Courtship continued in correspondence

from our December 2012 issue

By Berniece (Elliott) Lambert – Sidney, B.C.

My father, Arthur Elliott, became principal of the high school at Durban, Man., in 1915. Among the Grade 11 students was Viola Holden who was often late entering class.

When she walked into the room, Arthur saw a tall, slim, beautiful girl with rosy cheeks and black hair. It was love at first sight. For her part, Viola saw a tall, slim, handsome young man of Irish descent.

As time progressed, Mr. Elliott found time to give extra help to Viola to make up for missed time. She hoped to graduate and become a teacher.

Ed and Clara Holden, Viola’s parents, were somewhat surprised when she wanted to invite the teacher for a meal with the family, but they obliged with an invitation.

It wasn’t long before Arthur joined the army during WWI. He was anxious to join his brother, Burton, who was already in the military.

Viola had a job in the bank. When she heard he was catching the train to leave for service she ran out into the wintry weather to see him leave.

The quiet little romance between Arthur and Viola was not known to anyone except Viola’s dad. Arthur went to Ontario to his brother’s army unit and commenced officer training. Both brothers became lieutenants.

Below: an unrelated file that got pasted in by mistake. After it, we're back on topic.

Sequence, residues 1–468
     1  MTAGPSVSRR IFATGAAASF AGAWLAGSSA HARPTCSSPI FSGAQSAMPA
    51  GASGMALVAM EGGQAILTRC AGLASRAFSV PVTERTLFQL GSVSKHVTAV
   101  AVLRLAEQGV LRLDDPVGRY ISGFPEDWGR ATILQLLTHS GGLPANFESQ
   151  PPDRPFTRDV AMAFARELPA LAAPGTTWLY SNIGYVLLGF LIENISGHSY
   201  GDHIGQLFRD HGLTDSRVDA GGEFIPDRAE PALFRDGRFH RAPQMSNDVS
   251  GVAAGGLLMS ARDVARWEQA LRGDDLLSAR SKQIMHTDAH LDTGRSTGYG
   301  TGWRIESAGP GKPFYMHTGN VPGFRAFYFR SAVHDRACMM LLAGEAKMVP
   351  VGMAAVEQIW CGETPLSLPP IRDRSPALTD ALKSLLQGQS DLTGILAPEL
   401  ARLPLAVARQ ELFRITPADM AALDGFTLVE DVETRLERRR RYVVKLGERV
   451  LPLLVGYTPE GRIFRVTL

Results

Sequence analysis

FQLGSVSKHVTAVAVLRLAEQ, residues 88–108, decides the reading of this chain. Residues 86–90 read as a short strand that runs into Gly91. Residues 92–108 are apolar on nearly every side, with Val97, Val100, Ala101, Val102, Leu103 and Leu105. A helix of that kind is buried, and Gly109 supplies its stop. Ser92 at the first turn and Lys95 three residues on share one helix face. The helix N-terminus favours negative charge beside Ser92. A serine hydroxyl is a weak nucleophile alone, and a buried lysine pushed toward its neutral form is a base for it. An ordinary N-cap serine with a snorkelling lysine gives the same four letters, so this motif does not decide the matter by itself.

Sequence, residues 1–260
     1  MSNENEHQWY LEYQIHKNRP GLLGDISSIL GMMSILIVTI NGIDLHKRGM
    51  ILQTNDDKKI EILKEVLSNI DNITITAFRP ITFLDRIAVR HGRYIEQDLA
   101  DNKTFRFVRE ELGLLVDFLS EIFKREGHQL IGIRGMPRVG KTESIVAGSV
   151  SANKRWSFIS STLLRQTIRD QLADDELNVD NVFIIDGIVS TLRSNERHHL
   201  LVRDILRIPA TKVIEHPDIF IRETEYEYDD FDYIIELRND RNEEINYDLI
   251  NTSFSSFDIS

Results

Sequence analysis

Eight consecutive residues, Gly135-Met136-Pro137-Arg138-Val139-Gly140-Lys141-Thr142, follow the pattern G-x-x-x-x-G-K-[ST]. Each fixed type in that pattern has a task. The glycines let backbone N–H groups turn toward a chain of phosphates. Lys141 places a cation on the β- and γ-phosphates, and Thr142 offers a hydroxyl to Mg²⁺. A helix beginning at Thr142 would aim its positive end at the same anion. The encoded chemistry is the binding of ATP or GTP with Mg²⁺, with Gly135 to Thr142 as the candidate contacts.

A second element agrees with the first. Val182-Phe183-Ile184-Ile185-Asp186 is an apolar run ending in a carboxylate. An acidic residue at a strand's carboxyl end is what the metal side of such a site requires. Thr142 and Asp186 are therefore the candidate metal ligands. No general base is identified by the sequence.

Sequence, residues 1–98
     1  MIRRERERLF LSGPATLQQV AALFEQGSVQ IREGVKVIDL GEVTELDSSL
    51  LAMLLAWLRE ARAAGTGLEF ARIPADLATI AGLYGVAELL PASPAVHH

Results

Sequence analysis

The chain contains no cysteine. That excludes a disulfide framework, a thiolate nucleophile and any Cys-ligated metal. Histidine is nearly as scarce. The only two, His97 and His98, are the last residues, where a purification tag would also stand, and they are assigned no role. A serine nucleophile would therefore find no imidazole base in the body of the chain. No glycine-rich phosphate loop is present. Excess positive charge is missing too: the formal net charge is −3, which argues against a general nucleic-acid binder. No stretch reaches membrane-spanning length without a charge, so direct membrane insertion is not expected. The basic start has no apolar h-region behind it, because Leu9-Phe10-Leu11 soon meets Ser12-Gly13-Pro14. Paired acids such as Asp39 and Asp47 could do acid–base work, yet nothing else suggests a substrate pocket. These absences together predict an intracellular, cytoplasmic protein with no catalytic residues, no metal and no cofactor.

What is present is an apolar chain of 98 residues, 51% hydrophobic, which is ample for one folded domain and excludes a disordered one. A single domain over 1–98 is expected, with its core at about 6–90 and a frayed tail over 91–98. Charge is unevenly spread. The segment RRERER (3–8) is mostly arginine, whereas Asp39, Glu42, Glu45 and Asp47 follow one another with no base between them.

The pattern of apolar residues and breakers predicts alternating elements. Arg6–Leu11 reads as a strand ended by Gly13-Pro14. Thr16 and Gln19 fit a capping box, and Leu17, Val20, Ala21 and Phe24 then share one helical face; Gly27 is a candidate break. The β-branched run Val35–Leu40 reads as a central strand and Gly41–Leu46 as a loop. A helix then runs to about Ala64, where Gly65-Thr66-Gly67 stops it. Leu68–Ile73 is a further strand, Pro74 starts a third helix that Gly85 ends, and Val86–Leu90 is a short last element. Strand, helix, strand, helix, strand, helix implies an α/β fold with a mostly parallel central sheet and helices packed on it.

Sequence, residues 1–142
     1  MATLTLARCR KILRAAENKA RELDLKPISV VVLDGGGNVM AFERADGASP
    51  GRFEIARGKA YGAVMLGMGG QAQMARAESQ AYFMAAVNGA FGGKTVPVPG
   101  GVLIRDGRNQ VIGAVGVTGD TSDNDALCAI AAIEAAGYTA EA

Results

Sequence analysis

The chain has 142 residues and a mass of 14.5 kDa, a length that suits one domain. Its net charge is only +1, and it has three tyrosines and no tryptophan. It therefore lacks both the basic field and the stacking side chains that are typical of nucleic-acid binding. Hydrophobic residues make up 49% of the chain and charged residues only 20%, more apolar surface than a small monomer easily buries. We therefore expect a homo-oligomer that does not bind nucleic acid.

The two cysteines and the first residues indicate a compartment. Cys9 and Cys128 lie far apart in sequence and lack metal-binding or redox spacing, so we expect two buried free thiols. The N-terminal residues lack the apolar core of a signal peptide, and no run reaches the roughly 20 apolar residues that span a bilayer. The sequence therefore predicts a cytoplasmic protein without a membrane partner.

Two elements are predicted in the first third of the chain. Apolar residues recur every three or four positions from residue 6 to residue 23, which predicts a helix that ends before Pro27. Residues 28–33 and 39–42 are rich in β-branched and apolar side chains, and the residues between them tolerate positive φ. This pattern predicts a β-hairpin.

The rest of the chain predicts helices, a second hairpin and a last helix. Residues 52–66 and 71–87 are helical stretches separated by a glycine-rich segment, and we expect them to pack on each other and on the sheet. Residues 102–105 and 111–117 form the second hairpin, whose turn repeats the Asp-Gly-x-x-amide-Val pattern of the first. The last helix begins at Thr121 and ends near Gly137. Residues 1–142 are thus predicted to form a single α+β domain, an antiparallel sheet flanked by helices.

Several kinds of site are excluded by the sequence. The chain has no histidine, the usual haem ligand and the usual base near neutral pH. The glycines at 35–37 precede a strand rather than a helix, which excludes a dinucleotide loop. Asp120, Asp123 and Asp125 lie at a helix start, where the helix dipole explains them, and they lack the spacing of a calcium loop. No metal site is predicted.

The romance between Viola and Arthur now became one of correspondence. They wrote letters until Arthur and Burton were deployed to London, England. Soon the brothers were in active service in France. Letters were written by candlelight in cold, wet, muddy trenches.

Arthur and Burton were on Vimy Ridge at Passchendaele, fighting in terrible conditions. The enemy were ruthless and gunfire was vicious. Finally heavy fighting resulted in both Arthur and Burton being severely wounded.

They were sent back to hospitals in London. Arthur, being the eldest, was very concerned for his brother and requested they be moved to the same hospital. It was too late. Burton succumbed to his wounds and died. He was buried in the Canadian War Cemetery in London.

Arthur recovered sufficiently to return to Canada. He continued to recuperate and once again signed up for service in Vladivostok, Russia, in the Expeditionary Force.

The letters continued between Viola and Arthur – who returned to Canada and resumed his teaching career.
Viola was teaching and Arthur was principal at a different prairie school. A staff vacancy occurred so Arthur hastily urged Viola to apply for the job. She was accepted, and a short time later they became engaged.

Six years after their eyes met and love bloomed, they tied the knot in 1921. War could not intervene in their love story.